Scalp Psoriasis

If you suspect that you have scalp psoriasis, it is important to get an accurate diagnosis first. Many times, you may need specific treatment with prescription topicals, shampoos, and even oral or injection therapies, Dr. Han said. Sometimes these recommendations include topical steroid lotions, vitamin D analogues, immunosuppressive pills, targeted therapies, and specific ingredients to help with scaling, such as salicylic acid.

When it comes to non-prescription treatments, your options are more limited. Psoriasis is an inflammatory skin disease and often requires medical treatment. Temporary, symptomatic relief may be improved with tar-based shampoos or shampoos that contain salicylic acid. Talk to your healthcare provider about the options that are best for you.

Scalp Eczema

In addition to your body, hands, and face, eczema can also plague the scalp, usually in a condition known as seborrheic dermatitis.

Like other skin conditions, it is important to get an accurate diagnosis to determine if prescription medications or other treatments are needed for your scalp eczema. Topical steroids are often the cornerstone in managing eczema and come in the form of shampoos and lotions, Dr. Han said. Additionally, some people may find emollients such as scalp oils provide soothing relief.

If you are looking for over-the-counter (OTC) options, Hill recommended hypoallergenic, vegan products made for sensitive and allergy-prone skin. You also should minimize using excessive heat and harsh chemicals on your scalp and hair.

Hair Loss

Hair loss is very common. People born male are more likely to deal with a receding hairline thanks to male pattern hair loss, which is a type of hair loss related to your genes and male sex hormones. But people born female can also experience a receding hairline, especially if they have frontal fibrosing alopecia, progressive hair loss near the forehead. Other types of hair loss such as alopecia areata which can be from emotional or physical stress, or systemic illnesses.

The first step to treating hair loss is to figure out what's causing it. That way, you can manage any internal causes as well as topical causes simultaneously. Your hair is a non-essential tissue, so if there are any nutritional deficiencies present, or added stress in your body, your body may redirect the cells used to make your hair, to fuel other organs in your body, which may result in hair loss.

You treat hair loss on the surface, minimize excessive traction or pulling on your hair, Dr. Han said. If you wear tight ponytails or braids, or use helmets or hats, try to minimize their use, since they can tug on your hair, promote inflammation, and even cause scarring of your hair follicles. You also should avoid sleeping on wet hair because this can promote further breakage.

Scalp Treatments

To begin your scalp care journey, Jarvis recommended using a shampoo that is gentle and sulfate-free, and a conditioner that is suitable for your hair and scalp type. You also may want to incorporate a scalp mask or hydrating oil.

"Begin [your scalp regimen] with an appropriate scalp mask or oil that addresses the current needs of your scalp condition, provides cellular turn over (if you don't already experience dandruff), and has anti-inflammatory properties," Hill suggested. "When your hair gets over-worked or over-processed, it can affect the scalp. Look for treatment oils, serums, or cream-based masks versus grainy exfoliants. Using granules on an irritated scalp can trigger other conditions to develop. Plus, granules have a tendency to attach to the base of your hair fiber and can be difficult to rinse out.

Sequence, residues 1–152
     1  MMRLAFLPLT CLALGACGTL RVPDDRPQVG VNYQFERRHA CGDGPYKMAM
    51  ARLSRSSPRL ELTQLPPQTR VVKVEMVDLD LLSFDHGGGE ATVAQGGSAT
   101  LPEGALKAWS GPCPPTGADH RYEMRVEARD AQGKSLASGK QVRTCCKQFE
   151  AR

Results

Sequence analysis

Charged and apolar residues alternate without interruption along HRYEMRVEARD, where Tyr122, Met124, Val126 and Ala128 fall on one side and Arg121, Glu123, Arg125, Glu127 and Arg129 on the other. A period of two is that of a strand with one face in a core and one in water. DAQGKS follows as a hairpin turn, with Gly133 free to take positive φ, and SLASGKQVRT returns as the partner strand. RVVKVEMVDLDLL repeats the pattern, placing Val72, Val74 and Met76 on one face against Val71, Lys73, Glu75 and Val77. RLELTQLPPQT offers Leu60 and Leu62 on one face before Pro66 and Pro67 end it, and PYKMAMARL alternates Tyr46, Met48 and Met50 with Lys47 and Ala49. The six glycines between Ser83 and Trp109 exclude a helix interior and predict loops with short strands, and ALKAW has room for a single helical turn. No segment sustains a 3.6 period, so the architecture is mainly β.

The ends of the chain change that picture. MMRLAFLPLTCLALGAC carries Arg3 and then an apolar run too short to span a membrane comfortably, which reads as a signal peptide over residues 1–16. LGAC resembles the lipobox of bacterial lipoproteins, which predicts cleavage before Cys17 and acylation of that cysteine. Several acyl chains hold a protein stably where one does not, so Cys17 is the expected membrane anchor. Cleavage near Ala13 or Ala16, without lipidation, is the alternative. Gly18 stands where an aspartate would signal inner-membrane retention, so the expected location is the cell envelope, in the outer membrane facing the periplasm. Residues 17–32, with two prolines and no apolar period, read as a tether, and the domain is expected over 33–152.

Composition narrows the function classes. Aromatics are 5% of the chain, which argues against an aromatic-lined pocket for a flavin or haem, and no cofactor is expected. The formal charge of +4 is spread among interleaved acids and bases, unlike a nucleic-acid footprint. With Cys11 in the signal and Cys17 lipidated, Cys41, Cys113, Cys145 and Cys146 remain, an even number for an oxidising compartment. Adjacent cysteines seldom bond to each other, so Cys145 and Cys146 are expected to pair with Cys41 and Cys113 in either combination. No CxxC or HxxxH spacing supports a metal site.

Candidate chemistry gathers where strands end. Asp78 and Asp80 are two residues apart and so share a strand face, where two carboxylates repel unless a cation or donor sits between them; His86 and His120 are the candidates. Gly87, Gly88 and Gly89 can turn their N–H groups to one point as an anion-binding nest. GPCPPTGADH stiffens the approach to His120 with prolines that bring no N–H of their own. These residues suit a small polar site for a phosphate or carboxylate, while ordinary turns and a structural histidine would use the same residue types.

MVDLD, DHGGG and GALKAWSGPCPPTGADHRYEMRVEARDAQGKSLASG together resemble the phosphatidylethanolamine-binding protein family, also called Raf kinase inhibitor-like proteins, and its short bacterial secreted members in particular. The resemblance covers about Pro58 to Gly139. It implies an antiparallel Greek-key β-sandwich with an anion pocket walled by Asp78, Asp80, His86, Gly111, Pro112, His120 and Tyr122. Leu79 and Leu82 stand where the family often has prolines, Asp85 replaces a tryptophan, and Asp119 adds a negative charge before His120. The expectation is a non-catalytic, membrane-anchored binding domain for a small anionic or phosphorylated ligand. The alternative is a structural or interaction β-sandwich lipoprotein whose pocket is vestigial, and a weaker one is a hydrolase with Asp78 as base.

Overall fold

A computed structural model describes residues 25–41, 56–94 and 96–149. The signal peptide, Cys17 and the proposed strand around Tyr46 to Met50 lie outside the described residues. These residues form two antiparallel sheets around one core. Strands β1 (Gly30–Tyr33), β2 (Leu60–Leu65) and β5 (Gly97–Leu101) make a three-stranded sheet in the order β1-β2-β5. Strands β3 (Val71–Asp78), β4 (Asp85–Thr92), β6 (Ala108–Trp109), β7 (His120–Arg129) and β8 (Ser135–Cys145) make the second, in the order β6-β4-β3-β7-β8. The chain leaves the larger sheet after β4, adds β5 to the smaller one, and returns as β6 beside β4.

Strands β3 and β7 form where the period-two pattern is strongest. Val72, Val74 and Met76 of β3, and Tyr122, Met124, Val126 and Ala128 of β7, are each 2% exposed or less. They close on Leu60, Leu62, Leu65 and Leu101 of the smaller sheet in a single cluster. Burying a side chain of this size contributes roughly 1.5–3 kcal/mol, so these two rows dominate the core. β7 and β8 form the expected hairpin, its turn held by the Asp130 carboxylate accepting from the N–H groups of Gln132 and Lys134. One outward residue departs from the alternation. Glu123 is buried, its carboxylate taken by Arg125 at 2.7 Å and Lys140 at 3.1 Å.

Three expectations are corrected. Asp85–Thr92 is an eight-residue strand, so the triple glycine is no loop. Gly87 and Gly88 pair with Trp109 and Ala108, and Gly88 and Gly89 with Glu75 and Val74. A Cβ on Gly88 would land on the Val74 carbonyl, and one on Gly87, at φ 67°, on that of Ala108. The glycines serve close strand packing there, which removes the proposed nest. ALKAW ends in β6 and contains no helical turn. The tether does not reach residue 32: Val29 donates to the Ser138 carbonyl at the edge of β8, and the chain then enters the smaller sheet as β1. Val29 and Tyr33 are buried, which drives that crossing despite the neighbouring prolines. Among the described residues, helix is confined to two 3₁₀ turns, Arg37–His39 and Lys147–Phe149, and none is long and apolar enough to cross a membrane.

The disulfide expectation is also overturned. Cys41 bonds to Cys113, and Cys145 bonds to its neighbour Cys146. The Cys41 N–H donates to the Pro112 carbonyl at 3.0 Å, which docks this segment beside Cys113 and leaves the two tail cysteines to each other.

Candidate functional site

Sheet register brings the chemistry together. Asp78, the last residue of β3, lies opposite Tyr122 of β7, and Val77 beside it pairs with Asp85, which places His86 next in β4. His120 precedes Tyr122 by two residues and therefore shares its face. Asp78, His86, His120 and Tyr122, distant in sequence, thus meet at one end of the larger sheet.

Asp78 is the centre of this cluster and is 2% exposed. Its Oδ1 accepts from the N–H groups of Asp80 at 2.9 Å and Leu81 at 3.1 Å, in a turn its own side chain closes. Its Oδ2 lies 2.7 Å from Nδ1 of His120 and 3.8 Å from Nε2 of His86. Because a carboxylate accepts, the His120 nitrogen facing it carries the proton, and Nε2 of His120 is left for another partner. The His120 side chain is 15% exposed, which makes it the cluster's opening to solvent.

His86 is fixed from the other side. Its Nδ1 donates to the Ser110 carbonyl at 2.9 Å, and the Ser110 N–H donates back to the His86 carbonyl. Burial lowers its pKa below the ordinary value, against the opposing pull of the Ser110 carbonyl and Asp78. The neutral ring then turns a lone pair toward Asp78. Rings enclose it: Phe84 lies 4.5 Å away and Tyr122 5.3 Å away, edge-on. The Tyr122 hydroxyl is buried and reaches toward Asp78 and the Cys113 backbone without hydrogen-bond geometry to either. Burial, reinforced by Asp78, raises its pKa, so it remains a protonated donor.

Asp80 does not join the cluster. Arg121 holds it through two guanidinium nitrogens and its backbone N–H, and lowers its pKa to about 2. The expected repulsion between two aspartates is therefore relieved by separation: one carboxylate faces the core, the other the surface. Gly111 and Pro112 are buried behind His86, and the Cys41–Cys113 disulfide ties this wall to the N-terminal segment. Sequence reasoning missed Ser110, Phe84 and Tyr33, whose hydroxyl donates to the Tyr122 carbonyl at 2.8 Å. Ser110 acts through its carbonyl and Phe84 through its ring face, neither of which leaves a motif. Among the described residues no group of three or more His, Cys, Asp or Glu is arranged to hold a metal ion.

Next, make sure you are shampooing properly. Apply shampoo directly to your scalp and not to your hair fibers. To do this, Hill suggested buying a hair color-applicator bottle, pouring the shampoo into the bottle, and using the nozzle to distribute the shampoo directly onto your scalp.

Massage Your Scalp

Activate your scalp and improve circulation by massaging your scalp. Using both hands, start at the nape of your neck, and work your fingers up the head to the crown. Then work from the base of your ears to top of your head on both sides.

Spend three to five minutes massaging in an oil of your choice for your skin type. Doing so will soften skin cells, exfoliate, remove debris, and encourage blood flow.

To finish off, consider using a topical water-based serum or lotion that promotes hair health or addresses your specific scalp concern. Use a heat-protectant spray or serum if applying heat to your hair with hot tools, and use sunscreen over areas that are sparse or bald when doing outdoor activities (or wear a hat). "The part [in your] hair can burn, as there is often more scalp visible to the UV rays," Dr. Han said.

Lastly, don't underestimate the importance of good overall health and the role it plays in the health of your scalp. "Your nutritional, physical, and emotional health can have an [impact] on your general skin, hair, and scalp health," Dr. Han said.

A Quick Review

When it comes to scalp care, it is important to have a routine that is specifically designed for your scalp type and issues. Consistently caring for your scalp will not only give your hair follicles a healthy foundation, but also will nourish and protect the skin of your scalp.

If you notice that your scalp is inflamed, itchy, or flaky, this could be a sign of an underlying issue that needs to be addressed. Consider talking with a certified trichologist, or a dermatologist about your concerns.

Was this page helpful?
3 Sources uses only high-quality sources, including peer-reviewed studies, to support the facts within our articles. Read our editorial process to learn more about how we fact-check and keep our content accurate, reliable, and trustworthy.
  1. Almohanna HM, Ahmed AA, Tsatalis JP, Tosti A. The role of vitamins and minerals in hair loss: A reviewDermatol Ther (Heidelb). 2019;9(1):51-70. doi:10.1007/s13555-018-0278-6

  2. The Trichological Society. Pityriasis.

  3. Blakely K, Gooderham M. Management of scalp psoriasis: Current perspectivesPsoriasis (Auckl). 2016;6:33-40. Published 2016 Mar 29. doi:10.2147/PTT.S85330

Related Articles